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Discussion Starter #1
How do you know how close a bullet is to the grooves in the chamber. I would like to try moving some out to improve accuracy but I don't want to cause an over pressure. I am loading a medium load so I should be able to work on bullet position but how do you know where it is in the chamber?
 

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"Bad Joke Friday" Dan (moderator emeritus)
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Chief RID,

I've addressed this issue two different ways. I've used an O.A.L. gauge and dummy case to match your caliber -- both made by Stoney Point.  The gauge is a hollow tube with a shaft inside. The end of the tube is threaded for attaching a dummy case, which in turn is hollow, allowing the shaft to push against the rear end of the bullet. You insert the dummy case with bullet (it's very loose) attached to the gauge rod in the chamber. Once the case is chambered, then push the rod forward, which in turn pushes the loose bullet up against the lands. You then use the set screw on the gauge to set the rod in place and remove the complete apparatus. You then measure the case/bullet lenght and backoff the appropriate amount for seating your bullet. The literature I've read seems to vary about the amount to back-off, ranging from .003 to .020.  I back-off .005 and it has worked well for my .223 shooting. By the way, the gauge is approximately &#3630 and the dummy case &#365.

The other process I've used is much cruder. I simply seated a bullet in an empty/non-primed case, leaving the bullet obviously too long to allow chambering (closing the bolt). I keep experimenting with the seating depth until I'm able to close the bolt -- giving me the maximum length.

Apologize for the poor description, but hope it helps a little.
 

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Funny.  I just got a Stoney Point OAL gauge last night.  After using it, I'm wondering if DOK's 2nd option doesn't work ok, too?

I have played with seating a bullet long and camming the bolt closed.  There were slight indications of throat/ogive contact, but the bullet slid  into the (necked, uncrimped) case easily using the action.  It seemed like a reasonable rough method of gauging max OAL.  (Being a rookie at reloading, I broke down and got the SP OAL gauge, anyway)  

I figure you just back off the seating die .030-.040 from this "max" measurement and it'd be pretty close to optimal.  BR guys might not like it but for hunting rifles it'd be OK(?).  (The Federal .270win 130gr load measured .11" short of what the SP OAL gauge read, so anything would be better!).

- Charlie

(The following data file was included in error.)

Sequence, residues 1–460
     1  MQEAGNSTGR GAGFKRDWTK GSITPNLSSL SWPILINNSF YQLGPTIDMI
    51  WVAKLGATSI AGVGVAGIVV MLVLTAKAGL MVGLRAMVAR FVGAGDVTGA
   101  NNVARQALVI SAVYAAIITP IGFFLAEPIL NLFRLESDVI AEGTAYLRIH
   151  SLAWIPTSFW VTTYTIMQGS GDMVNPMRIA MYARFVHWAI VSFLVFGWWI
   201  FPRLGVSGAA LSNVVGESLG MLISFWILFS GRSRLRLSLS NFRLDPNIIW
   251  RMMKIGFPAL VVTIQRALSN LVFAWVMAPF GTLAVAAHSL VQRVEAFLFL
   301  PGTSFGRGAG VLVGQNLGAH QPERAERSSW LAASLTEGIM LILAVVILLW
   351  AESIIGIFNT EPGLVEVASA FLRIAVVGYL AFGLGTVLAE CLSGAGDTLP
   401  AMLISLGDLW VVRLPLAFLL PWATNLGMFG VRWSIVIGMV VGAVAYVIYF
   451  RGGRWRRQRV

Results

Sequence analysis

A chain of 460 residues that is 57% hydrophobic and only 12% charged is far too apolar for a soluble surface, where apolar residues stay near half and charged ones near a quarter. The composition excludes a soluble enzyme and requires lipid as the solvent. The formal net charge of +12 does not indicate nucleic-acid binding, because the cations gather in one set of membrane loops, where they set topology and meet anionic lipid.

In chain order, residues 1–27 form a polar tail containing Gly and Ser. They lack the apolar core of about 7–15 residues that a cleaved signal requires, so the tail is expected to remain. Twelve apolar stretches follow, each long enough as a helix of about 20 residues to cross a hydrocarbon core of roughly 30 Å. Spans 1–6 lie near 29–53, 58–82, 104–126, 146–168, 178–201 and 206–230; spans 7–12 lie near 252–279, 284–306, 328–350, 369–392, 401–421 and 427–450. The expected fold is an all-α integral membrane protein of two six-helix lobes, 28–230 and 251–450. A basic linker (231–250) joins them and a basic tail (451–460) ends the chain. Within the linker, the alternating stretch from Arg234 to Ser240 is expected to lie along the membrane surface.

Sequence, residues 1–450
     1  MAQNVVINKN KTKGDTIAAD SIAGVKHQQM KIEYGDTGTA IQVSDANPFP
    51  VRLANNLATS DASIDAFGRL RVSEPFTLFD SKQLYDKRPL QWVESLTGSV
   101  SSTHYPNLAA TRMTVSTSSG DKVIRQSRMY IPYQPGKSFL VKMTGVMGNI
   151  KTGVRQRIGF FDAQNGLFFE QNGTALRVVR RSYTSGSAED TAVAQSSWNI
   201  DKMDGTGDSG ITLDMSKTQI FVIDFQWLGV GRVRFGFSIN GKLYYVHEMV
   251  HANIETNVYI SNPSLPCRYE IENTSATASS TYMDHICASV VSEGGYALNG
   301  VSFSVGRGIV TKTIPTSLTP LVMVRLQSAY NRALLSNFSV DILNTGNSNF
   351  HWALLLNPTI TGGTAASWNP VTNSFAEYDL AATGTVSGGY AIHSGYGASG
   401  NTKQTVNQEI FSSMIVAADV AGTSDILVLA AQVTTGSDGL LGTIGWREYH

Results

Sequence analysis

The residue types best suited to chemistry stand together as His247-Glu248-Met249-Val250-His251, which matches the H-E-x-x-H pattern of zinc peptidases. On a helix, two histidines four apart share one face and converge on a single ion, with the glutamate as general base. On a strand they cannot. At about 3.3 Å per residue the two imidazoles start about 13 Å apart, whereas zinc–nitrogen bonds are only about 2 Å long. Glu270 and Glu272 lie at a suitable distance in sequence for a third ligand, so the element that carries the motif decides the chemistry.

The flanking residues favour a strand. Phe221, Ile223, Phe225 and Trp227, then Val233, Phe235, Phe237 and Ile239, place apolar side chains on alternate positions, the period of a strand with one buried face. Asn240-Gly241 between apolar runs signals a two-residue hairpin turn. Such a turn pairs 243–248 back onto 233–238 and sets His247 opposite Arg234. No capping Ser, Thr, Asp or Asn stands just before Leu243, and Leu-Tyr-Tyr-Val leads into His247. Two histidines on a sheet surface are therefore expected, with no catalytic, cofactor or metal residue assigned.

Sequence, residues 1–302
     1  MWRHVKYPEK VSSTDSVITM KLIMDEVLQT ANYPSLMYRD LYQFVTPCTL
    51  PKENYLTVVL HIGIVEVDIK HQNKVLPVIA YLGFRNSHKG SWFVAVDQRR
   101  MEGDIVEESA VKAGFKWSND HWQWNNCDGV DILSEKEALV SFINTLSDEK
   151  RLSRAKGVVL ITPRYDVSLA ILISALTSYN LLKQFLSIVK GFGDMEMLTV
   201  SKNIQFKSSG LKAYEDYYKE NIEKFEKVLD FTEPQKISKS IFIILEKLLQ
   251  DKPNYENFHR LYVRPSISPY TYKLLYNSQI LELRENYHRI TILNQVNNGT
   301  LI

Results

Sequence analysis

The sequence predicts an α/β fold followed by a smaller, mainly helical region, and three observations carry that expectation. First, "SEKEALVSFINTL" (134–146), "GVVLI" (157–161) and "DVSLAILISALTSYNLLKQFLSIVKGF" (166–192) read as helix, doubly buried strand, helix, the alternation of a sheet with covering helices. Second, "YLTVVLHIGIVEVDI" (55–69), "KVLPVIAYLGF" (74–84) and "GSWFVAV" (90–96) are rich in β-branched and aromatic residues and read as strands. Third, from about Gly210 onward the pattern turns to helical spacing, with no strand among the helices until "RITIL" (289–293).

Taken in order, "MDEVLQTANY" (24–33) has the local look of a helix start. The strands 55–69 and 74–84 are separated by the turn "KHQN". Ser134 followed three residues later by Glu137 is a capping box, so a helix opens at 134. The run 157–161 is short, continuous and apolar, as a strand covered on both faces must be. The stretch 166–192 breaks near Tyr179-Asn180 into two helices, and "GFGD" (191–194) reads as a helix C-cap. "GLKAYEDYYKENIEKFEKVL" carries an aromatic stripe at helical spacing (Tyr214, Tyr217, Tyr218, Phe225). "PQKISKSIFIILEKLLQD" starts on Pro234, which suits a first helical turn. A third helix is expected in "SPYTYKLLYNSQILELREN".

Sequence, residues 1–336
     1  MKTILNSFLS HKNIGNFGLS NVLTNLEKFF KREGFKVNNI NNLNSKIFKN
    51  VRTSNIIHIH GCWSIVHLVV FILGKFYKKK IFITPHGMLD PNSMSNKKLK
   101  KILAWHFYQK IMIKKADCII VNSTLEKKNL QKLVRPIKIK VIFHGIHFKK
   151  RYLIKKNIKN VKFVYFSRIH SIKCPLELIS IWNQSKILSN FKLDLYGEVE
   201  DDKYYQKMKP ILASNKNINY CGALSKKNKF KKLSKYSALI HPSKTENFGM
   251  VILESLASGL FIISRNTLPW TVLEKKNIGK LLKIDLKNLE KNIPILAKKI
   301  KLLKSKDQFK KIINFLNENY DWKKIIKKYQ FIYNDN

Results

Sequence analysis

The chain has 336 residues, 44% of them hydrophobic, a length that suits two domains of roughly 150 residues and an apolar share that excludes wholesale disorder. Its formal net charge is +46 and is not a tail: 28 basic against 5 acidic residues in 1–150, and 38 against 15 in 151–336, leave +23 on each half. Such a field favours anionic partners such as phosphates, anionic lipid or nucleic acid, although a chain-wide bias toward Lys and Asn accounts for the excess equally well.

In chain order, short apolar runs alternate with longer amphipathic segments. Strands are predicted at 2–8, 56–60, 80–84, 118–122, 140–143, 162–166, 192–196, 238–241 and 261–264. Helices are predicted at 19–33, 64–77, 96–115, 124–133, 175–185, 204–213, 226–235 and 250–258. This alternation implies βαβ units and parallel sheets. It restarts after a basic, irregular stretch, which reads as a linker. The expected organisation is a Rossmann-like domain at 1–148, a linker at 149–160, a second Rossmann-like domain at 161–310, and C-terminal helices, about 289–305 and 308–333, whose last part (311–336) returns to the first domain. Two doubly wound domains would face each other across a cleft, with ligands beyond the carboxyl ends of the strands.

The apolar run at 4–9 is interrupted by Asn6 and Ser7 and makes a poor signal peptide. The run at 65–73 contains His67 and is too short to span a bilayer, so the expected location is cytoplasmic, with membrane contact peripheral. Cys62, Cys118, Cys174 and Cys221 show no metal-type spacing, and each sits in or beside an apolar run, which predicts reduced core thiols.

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"Bad Joke Friday" Dan (moderator emeritus)
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Charlie Z / Chief RID,

If you want to get a little fancier/more accurate measurement, you can buy a small device for several dollars that fits on your micrometer and measures the case/bullet length via the bullet's ogive instead of the tip of the bullet.  Literature indicated (and I've verified this) that since many bullet tips are lead and get banged around a little, measuring from the tip can be off by several thousanths between bullets. If you're trying for BR type of measurement, such as backing off just .003, that difference in measurement can be significant.  But as Charlie Z says, for hunting rifles, would suggest this does not present a problem.

Respectfully,
 

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ChiefRID,
    In handloading the primary concern is safety and the next is performance. You can use DOK's "cruder" method with complete safety- you just want to be sure that the bullet is not jammed into the rifling, which can cause an unsafe or at least inconvenient situation.
   Then we get to performance. In terms of accuracy, different seating depths can have a big affect, but there is no hard or fast rule and each firearm is a law unto itself. Start at your max seating depth and load 5 rounds in gradually reduced OAL until your rifle tells you what it likes. You don't even need to know how far off the lands the bullet is!! The only caution here is that radically shortened rounds reduce powder space and can raise pressures, but use some care and you can find the depth that's right for your gun. I have one rifle that actually shoots better with the bullets seated with quite a bit of jump before hitting the lands. You never know til you try! Good shooting! :biggrin:   ID
 
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